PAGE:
CRKT M16-14SF Tanto

Note: I made the following video to be watched as a supplement to the written review below. The video alone does not contain my complete review.



When I received the M16-14SF in the mail from CRKT, I was ecstatic about the size of the knife. As I always say with firearms and knives alike, bigger is better. The M16 surely meets any size standards I may have on a pocket folder. The one problem I face is that I cannot legally carry this knife out and about as the blade is 3.875 inches as my local city limit on blade length is 3.5in.


As I mention in the video, the blade is a combo edge tanto blade featuring three point serrations. Tanto blades were designed by the Japanese in the 9th century and are known for their superior strength.  What I like about the tanto (besides its superior strength) is the fine point it creates at the tip of the knife. This works really well for wedging into small spaces.  As for the serrations, I prefer them. I would choose a serrated combo blade over a straight edge blade every day. The serrations add more diverse uses for the knife. Imagine cutting a steak; when you cut a steak you use a knife with a serrated edge as it is easier then with a straight edge. Wouldn’t it just make sense to cut other forms of muscle with a serrated edge as well?

The M16’s blade is made out of AUS 8 stainless steel. This is Japanese steel known for being easy to sharpen and moderately holding an edge.  This knife comes from the factory pretty darn sharp. I wasn’t brave enough to try it, but my husband was able to shave his arm with it right out of the box.  And of course I cut myself on it a few times while making the video.


A feature I have mixed feelings about is the double Carson flippers. They definitely make deploying the blade super fast and easy. Another thing I love about the double Carson flipper is the prominent hilt that they provide. The problem I have with them is that even when carrying blade down (as CRKT recommends) the flippers tend to get caught on my shirt as I pull  it out of my pocket, causing the blade to open before it’s drawn completely. I had a few other people try drawing the M16 from their pants pocket and they had the same issue.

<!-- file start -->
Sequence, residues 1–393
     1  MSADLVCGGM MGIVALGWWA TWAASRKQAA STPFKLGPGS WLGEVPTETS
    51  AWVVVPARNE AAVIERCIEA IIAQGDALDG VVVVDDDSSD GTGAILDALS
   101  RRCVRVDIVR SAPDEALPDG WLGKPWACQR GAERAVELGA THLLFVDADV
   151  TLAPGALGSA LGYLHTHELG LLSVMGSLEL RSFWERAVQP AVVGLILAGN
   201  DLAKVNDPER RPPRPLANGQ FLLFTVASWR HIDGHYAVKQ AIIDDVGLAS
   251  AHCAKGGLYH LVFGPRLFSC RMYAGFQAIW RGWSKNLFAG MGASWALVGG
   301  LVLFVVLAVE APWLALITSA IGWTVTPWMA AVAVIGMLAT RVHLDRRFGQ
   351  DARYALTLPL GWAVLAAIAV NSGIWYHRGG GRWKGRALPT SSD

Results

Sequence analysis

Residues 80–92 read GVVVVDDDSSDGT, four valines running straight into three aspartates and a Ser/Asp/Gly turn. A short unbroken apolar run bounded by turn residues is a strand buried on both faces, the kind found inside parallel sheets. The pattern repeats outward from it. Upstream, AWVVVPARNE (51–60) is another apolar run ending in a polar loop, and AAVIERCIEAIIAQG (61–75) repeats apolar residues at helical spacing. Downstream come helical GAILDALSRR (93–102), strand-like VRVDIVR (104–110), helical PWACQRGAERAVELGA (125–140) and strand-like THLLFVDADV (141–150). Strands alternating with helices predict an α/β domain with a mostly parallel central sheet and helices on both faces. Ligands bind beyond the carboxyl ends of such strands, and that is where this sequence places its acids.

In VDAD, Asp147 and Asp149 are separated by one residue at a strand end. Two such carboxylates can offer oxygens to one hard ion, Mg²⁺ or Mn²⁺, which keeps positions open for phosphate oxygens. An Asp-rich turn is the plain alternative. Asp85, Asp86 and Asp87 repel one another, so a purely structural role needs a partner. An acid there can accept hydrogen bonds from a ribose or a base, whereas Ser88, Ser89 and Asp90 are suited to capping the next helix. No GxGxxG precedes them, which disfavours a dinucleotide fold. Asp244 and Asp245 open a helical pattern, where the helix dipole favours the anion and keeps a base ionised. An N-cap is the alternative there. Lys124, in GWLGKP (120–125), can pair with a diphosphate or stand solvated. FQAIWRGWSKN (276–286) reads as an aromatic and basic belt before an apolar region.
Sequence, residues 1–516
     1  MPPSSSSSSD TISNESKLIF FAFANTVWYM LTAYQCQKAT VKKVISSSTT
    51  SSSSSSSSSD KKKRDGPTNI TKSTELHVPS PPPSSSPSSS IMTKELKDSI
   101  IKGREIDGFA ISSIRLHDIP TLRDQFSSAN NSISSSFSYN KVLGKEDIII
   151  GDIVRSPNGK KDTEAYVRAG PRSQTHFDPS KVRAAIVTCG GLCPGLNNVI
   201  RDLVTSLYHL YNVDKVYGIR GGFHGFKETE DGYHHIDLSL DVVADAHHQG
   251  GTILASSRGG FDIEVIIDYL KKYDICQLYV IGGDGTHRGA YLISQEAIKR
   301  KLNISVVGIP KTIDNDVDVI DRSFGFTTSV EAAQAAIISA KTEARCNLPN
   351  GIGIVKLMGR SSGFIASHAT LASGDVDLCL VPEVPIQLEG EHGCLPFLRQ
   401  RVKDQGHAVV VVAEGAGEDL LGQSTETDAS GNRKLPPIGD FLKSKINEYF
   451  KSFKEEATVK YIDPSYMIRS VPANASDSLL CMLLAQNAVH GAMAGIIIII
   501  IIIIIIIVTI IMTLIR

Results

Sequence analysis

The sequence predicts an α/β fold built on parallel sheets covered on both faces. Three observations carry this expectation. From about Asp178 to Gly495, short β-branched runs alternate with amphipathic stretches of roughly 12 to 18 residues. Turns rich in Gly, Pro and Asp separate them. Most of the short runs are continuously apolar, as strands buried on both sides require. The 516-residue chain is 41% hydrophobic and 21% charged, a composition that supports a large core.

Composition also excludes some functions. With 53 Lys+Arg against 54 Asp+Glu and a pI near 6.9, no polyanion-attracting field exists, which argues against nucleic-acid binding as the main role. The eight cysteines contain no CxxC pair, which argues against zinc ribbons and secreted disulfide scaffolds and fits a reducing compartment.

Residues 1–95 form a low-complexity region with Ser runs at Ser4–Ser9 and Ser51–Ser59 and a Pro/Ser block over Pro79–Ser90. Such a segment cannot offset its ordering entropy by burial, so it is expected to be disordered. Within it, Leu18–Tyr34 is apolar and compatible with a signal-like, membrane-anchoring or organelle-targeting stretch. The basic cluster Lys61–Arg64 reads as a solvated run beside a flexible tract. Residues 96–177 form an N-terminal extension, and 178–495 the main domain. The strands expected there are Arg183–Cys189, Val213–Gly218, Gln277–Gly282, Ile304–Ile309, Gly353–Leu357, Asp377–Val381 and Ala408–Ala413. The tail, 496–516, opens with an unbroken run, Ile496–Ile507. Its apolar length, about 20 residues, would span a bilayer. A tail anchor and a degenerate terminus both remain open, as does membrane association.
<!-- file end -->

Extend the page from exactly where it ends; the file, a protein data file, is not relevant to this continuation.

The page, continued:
The patented AutoLAWKS system is a really neat feature. Locking the blade in the open position, it virtually turns your folder knife into a fixed blade.  But that’s not all the AutoLAWKS does! It gives you tactical feed back as the blade opens. When you hear the fully audible “click” you know the blade is locked open and ready to use.

As I played with the AutoLawk I did notice that it takes fine motor skills to actuate. This is arguably a disadvantage. Operating the AutoLawk under stress or while your adrenaline is going could be difficult considering first thing you lose under extreme stress or when your adrenaline kicks in are your fine motor skills.  However, I don’t find this to be a reason not to carry this knife.  I just figure if I’m going to use a knife with this mechanism in that sort of situation, I can toss it aside or close it when the thereat is handled and the adrenaline wares off .


The grip is made out aluminum with a matte black finish. Circles have been machined out of the sides of the grip to keep the weight at a minimum. What I don’t like about it is that it is pretty slick, it doesn’t offer much for gripping purposes.  In my training, I have been instructed that when a knife gets bloody, it gets very very slippery. This is why a good grip is crucial if you plan on keeping your knife in a fight. If anyone has any ideas of what I can do to the grip to make it, well, grippier, let me know.


It doesn’t fit in the front pockets of my jeans, but I never let my clothes get in the way of carrying a nice big weapon.  I wear the M16-14SF in my back left pocket, or in another left coat pocket. The reason I carry it on the left is so that if someone is trying to take my gun from its holster, I can draw the knife with my left hand and protect my gun with my right.


Overall, I really CRKT’s M16-14SF. There are always things to pick apart in every gear review; but I would say the M16 has more positives then negatives.  As always, I recommend getting training and practicing with the weapon before deploying it for defensive use.



© Packing Pretty, Grace McKee 2012